Psychology Research News -- ScienceDaily

New drug combination shows promise for common pediatric brain tumor
A new combination treatment aimed at resistant and recurrent low-grade gliomas slowed tumor growth and killed tumor cells in laboratory and mouse models.

Brain region discovered that only processes spoken, not written words
Patients in a new study were able to comprehend words that were written but not said aloud. They could write the names of things they saw but not verbalize them. For instance, if a patient in the study saw the word 'hippopotamus' written on a piece of paper, they could identify a hippopotamus in flashcards. But when that patient heard someone say 'hippopotamus,' they could not point to the picture of the animal.

Common cause in sudden death syndromes
Sudden Infant Death Syndrome (SIDS) and Sudden Unexpected Death in Epilepsy (SUDEP) are syndromes that share many medical similarities but whose physiological causes are poorly understood. An opinion article publishing March 21 in the journal Trends in Neurosciences suggests that the inability for an individual to wake up when their CO2 blood levels rise, likely due to a faulty neural reflex, may be a shared cause for incidences of death in both disorders.

Sleep and ageing: Two sides of one coin?
Researchers have discovered a brain process common to sleep and ageing in research that could pave the way for new treatments for insomnia.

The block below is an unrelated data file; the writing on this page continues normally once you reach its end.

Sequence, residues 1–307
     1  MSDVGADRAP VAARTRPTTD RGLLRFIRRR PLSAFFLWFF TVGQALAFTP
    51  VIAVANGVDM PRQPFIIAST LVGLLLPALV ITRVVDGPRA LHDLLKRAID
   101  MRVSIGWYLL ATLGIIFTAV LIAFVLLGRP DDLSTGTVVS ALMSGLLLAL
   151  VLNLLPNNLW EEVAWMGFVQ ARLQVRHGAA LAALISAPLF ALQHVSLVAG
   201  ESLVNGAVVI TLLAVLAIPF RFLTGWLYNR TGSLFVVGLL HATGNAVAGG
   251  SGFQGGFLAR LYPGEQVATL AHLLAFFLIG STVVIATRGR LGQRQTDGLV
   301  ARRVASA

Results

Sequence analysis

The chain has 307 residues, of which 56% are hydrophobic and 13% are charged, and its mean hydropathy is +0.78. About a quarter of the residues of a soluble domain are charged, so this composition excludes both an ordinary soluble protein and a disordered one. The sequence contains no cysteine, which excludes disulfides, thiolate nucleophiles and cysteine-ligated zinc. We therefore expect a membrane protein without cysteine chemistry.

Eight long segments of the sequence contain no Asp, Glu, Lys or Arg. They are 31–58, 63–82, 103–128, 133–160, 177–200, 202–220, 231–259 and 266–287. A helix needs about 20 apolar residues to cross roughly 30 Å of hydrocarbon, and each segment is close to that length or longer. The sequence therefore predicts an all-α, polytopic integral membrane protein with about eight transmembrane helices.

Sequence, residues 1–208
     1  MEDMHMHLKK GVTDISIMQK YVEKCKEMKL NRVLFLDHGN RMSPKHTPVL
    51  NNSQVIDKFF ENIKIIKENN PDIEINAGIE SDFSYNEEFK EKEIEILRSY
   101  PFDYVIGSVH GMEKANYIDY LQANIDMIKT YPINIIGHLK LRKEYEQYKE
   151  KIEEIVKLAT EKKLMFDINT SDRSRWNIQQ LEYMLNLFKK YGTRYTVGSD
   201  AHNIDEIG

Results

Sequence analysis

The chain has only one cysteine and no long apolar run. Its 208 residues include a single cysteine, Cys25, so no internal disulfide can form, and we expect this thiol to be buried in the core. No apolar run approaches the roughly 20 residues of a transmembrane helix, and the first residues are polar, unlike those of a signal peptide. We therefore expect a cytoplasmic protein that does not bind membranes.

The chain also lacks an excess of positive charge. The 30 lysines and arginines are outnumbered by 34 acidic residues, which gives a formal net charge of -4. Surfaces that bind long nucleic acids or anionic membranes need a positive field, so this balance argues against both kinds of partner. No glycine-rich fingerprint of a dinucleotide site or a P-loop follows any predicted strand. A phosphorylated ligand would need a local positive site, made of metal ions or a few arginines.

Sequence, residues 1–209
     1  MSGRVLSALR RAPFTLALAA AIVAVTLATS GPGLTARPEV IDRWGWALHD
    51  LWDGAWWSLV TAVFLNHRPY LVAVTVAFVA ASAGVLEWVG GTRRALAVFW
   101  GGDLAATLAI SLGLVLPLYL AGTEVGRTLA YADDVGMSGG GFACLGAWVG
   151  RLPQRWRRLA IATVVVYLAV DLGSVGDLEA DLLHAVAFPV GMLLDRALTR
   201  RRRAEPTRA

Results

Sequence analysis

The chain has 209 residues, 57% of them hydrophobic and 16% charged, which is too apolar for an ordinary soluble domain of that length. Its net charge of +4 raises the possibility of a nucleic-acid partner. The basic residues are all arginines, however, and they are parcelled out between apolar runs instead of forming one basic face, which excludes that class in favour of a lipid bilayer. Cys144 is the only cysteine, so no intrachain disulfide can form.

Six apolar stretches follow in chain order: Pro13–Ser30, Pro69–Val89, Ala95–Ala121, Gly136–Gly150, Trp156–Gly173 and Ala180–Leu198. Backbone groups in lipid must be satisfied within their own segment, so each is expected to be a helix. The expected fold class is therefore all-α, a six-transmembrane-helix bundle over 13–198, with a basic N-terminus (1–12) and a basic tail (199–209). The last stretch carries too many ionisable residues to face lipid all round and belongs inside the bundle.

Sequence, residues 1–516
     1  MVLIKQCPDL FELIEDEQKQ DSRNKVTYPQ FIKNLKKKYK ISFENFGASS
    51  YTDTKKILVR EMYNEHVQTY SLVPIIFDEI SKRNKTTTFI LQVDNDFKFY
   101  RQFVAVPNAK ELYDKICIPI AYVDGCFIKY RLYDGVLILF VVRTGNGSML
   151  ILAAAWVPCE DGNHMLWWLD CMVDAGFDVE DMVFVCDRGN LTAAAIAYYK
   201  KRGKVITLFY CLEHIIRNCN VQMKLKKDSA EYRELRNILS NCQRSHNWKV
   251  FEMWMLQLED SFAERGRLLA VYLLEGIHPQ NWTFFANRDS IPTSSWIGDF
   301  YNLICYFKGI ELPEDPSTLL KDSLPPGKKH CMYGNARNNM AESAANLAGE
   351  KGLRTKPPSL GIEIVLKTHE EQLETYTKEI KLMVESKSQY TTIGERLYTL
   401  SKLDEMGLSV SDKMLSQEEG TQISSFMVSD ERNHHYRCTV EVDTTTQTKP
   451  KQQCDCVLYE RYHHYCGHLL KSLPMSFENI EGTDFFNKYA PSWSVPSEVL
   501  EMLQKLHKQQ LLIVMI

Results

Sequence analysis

How team sports change a child's brain
Adult depression has long been associated with shrinkage of the hippocampus, a brain region that plays an important role in memory and response to stress. Now, new research has linked participation in team sports to larger hippocampal volumes in children and less depression in boys ages 9 to 11.

New brain research challenges our understanding of sleep
A new study has for the first time uncovered the large-scale brain patterns and networks in the brain which control sleep, providing knowledge which in the future may can in the long term help people who experience problems sleeping.

Blue Brain solves a century-old neuroscience problem
New research explains how the shapes of neurons can be classified using mathematical methods from the field of algebraic topology. Neuroscientists can now start building a formal catalogue for all the types of cells in the brain. Onto this catalogue of cells, they can systematically map the function and role in disease of each type of neuron in the brain.

Prenatal allergies prompt sexual changes in offspring
A single allergic reaction during pregnancy prompts sexual-development changes in the brains of offspring that last a lifetime, new research suggests. Female rats born to mothers exposed to an allergen during pregnancy acted more characteristically 'male' -- mounting other female rodents, for instance -- and had brains and nervous systems that looked more like those seen in typical male animals.

Small vessel disease MRI marker linked to worse cognitive health in older adults
Seemingly harmless fluid-filled spaces around the cerebral small vessels, commonly seen on brain MRIs in older adults, are now thought to be associated with more compromised cognitive skills, according to a Vanderbilt University Medical Center study published in Neurology.

Childhood trauma may affect brain structure, predisposing adults to recurring major depressive disorder